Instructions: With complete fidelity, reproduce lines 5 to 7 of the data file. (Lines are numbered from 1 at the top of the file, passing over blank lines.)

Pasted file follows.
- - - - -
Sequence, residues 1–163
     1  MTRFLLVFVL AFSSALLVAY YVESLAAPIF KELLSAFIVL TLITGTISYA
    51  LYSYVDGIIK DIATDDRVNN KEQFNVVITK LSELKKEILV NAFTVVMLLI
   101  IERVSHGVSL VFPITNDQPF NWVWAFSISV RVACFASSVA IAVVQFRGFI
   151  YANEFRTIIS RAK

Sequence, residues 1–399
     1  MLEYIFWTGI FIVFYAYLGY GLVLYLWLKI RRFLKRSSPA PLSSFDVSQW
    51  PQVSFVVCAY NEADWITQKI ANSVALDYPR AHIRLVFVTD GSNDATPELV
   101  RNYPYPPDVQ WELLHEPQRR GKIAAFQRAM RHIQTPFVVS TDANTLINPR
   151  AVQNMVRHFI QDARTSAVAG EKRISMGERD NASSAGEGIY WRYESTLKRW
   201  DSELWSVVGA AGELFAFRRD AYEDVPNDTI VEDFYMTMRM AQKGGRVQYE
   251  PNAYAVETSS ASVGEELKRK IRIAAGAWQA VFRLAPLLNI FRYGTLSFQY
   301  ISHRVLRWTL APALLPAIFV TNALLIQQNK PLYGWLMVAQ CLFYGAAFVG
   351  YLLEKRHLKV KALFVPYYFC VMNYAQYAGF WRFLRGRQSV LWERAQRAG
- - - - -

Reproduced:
   151  YANEFRTIIS RAK

Sequence, residues 1–399
     1  MLEYIFWTGI FIVFYAYLGY GLVLYLWLKI RRFLKRSSPA PLSSFDVSQW